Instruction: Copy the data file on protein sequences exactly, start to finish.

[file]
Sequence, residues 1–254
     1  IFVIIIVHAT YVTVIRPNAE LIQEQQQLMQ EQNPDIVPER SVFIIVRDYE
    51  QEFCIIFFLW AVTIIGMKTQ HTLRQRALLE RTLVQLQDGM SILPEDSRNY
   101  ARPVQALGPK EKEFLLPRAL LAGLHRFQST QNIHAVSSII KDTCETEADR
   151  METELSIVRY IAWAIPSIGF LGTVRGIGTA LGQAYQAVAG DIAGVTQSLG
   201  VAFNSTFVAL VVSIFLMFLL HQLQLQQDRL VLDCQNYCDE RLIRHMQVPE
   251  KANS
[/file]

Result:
Sequence, residues 1–254
     1  IFVIIIVHAT YVTVIRPNAE LIQEQQQLMQ EQNPDIVPER SVFIIVRDYE
    51  QEFCIIFFLW AVTIIGMKTQ HTLRQRALLE RTLVQLQDGM SILPEDSRNY
   101  ARPVQALGPK EKEFLLPRAL LAGLHRFQST QNIHAVSSII KDTCETEADR
   151  METELSIVRY IAWAIPSIGF LGTVRGIGTA LGQAYQAVAG DIAGVTQSLG
   201  VAFNSTFVAL VVSIFLMFLL HQLQLQQDRL VLDCQNYCDE RLIRHMQVPE
   251  KANS